Wednesday, 13 June 2012

AAW, San Jose, Update

Just a quick update in that I was very pleased to find that the piece that I was invited to submit to the AAW POP exhibition in San Jose, California, was purchased during the exhibition.

This is a wonderful conclusion to the making of the piece as it which quite a task to get it to America.

The  first piece made and sent did not arrive it in one piece. Being close to the deadline meant I had to make a second. The pressure of working to a time scale which is always fraught with danger when making something that has so much of the maker in it induced further problems.

The result being that the form turned and for a second time textured I was not totally happy with, it was still good all the same and with the piece embodying impermanence I had to accept that I could in no way make an exact replica of the one before, the process of texturing does not lend itself to this so I decided to continue.

Anyway I decided to ring a friend up about the progress of the second piece and my thoughts as it is always good to talk to others as often they can give a unbiased view of the problem.

After the chat I decided that if I was not toally happy I would not submit the piece at all and may be try on another occassion. Not wanting to give up though I decided with the time ticking

Back to the lathe again, but this time more time spent on the form and then into the early hours of the morning texturing and colouring. However before starting I took some time out to sit and think about the situation and the pressure/deadline I was under. I laughed at the process of making a piece which embodied impermenace and Wabi-Sabi in which beauty comes from things that are not perfect.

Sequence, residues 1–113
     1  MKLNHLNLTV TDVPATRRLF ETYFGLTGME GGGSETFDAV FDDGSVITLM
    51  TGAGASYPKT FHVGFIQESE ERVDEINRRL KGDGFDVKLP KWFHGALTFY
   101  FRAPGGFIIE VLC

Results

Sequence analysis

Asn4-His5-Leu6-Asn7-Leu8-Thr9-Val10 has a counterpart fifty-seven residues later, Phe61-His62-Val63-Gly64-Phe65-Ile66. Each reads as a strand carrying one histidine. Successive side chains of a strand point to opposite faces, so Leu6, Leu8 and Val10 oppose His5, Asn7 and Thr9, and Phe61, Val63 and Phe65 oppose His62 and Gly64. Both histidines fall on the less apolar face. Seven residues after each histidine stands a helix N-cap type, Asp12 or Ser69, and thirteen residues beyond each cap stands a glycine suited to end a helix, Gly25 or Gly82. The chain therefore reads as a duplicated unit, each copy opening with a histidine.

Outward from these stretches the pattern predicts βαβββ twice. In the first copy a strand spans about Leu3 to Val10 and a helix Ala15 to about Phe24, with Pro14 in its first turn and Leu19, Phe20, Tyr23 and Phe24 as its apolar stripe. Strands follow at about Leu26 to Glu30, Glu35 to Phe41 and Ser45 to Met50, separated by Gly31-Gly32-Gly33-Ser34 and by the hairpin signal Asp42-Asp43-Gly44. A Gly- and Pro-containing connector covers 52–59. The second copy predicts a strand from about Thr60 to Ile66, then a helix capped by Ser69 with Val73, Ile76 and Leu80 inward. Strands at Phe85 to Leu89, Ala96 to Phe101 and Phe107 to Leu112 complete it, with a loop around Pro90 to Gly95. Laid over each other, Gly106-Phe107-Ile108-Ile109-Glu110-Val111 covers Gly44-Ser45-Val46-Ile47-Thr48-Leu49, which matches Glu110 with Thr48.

This for me being why the piece is so special to me, albeit now with a new owner. Not only did the process take all of my self to get through, but the path both I and the piece took during this taxing but enjoyable process became far more that just a piece made to represent the philosophy of impermanace for an exhibition, it in the end embodied it. As such it is to date the most significant and important piece that I have produced.

A few pictures of the third piece being made.


chris hill said...

Hi Mark, sorry to hear the 1st 1 sent got damaged, pleased to see you got the replacement completed, great work speak soon cheers Chris

Philip Streeting said...

It was good to see the comments by the purchaser and it must be doubly satisfying knowing how much he appreciates both this piece and your work in general.

As far as the two disasters are concerned I thought it was a belief in turning that we hone our skill by using repetition!

Keep up the good work.


Mark said...

Hi Chris and Phil

Thanks for your comments.


It is fine that the 1st one was damaged, it happened due to the thin wall and the change in moisture level from the UK to the US, or at least that would seem to have been the reason. It is something that has to be accepted if things are sent out or made, at times they break.


Yes repetition is a way of honing our skills and I believe in this, but hopefully learning from the mistake helps too :-),hopefully I learn to rectify and not repeat the same mistakes over and over or I just become efficient at bad practice.

The main purpose of this post is that I often am asked by people that have taken up turning about various problems and disasters that they encounter. My reply is that many years of repetition is needed but things will still go wrong, through this thread I hope that people will see we all have disasters from time to time, they are just different disasters and without going through this process we cannot hope to develop.

On this occassion it paid off as the final piece was the best of them all.

Thank you both and take care.

George Foweraker said...

Well done Mark I am not a bit suprised

john smith said...

Hi Mark well done in getting your piece finished despite all the set backs and then someone purchasing it must have been the icing on the hollow form.Regards John

Mark said...

Hi John

Thank you for your comment. It was great to get finished and for it to be purchased. The set backs always happen when we do not want or need them to, but I learn more about the process when it goes wrong than when it goes right.

Thanks again for taking the time to comment.

Take care

Mark said...


Thanks mate. I was well pleased.